It gives a grim picture and could enhance a growing pessimism. Nevertheless, it is good to also remember the experiences that were close to structural change. Hugo Chavez could have made a difference, had there not been a long strike of the petrol industry with devastating consequences, also at the level of economic governance. Venezuela had the resources plus a beautiful plan for communal development and autonomy, but its implementation was blocked.

More importantly, in the year of the 50th anniversary of Pinochet’s coup in Chile, it is important to remember that Salvador Allende did have a serious programme for structural and revolutionary changes. His programme did not ‘fail’ as is now being said, it was stopped and made impossible. In a recent interview with Jorge Arrate, his Minister for Mining and responsible for the nationalisation of the copper mines it is stressed that the coup happened just when the country lived its only moment in history of a possible political, economic and social transformation, a fundamental change of the power relations.

It is also useful to remember that Allende’s government acted in a fully democratic and legal framework, continuing the work his predecessor had started. Nevertheless, two loyal generals were killed, the Minister of Foreign Affaires was killed, several ministers disappeared the day of the coup and were never seen again. Pinochet decided to kill all known and supposed ‘communists’, in the most atrocious way.

As for civil society, it should know that all these limits are valid for them as well.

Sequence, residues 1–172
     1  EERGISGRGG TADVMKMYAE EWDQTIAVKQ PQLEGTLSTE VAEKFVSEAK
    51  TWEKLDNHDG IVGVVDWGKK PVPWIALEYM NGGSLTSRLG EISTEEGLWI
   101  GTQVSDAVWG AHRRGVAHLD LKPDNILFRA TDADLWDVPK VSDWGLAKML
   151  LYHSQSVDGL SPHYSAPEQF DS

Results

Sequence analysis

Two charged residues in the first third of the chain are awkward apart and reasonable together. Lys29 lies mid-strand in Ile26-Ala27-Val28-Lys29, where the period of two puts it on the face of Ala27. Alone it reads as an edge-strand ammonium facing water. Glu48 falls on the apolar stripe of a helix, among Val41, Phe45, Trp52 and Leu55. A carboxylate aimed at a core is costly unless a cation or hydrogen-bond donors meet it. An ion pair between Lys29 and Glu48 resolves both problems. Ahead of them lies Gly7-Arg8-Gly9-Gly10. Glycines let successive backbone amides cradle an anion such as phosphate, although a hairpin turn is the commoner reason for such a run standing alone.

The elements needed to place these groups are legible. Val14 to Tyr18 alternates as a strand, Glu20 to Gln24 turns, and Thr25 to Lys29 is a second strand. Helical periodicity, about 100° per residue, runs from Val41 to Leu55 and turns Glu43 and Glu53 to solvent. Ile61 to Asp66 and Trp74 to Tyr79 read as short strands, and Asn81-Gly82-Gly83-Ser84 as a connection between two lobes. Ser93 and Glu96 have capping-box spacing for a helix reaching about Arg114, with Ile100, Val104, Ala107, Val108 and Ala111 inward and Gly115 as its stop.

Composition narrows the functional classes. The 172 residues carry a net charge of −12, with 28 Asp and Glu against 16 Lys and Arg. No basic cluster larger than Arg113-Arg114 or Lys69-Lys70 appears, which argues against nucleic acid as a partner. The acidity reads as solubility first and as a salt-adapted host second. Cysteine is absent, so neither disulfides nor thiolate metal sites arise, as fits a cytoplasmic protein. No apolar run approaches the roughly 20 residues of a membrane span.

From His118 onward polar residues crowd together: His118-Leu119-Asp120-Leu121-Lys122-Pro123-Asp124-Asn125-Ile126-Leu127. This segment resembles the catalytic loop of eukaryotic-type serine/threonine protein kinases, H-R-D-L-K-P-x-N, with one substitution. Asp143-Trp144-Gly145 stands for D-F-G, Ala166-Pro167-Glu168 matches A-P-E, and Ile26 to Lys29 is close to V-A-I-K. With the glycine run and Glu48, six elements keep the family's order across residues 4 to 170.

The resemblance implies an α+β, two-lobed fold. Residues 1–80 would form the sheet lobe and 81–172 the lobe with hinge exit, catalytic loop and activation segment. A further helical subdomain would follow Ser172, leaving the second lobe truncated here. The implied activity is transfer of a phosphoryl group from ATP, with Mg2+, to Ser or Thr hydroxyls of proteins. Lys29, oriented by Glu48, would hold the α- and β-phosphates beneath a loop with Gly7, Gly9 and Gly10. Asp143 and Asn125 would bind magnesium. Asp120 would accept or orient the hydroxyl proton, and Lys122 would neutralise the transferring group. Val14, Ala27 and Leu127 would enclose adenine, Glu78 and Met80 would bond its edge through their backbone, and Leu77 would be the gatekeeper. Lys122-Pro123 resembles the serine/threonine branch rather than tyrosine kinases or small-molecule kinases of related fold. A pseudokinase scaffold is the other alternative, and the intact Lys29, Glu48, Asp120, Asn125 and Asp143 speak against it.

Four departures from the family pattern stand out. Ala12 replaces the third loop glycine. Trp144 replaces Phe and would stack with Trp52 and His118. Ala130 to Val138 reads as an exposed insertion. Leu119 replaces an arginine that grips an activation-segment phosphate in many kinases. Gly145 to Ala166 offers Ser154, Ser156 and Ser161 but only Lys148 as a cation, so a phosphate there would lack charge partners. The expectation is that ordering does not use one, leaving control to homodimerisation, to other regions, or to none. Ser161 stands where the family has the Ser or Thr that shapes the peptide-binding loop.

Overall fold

When, in the 1980s, the Colombian government found an agreement with the FARC of the armed struggle and convinced them to integrate the democratic process as ‘Union Patriótica’, thousands and thousands of their most important members were killed.

One of the most promising initiatives of the past decades, the neo-zapatistas of the EZLN in Mexico, now have their ‘autonomous’ municipalities. But they continue to live in extreme poverty with the harassment of military and paramilitary forces. Their future is bleak.

There are many lessons to be learned from all these experiences. The most important one concerns the weakness of most leftwing and progressive projects. The limits of what they are allowed to do are fixed well in advance by the dominant and hegemonic forces. Nevertheless, these are not arguments to become pessimistic. Neoliberalism and 'really existing' socialism have failed. But giving up on plans to build ‘another world’ should never be an option.

The lessons to be learned imply a very thorough analysis of the domestic and foreign situation, the economic interests to be taken into account, the economic activities to be developed, the social policies to prioritize, the foreign support to be provided, the political education of the population, communication and media policies, the potential armed response to be provided. It is difficult, it is a daunting task but it is possible. And it requires global cooperation as well as a full analysis of the power relations of the current situation and the opportunities to change them.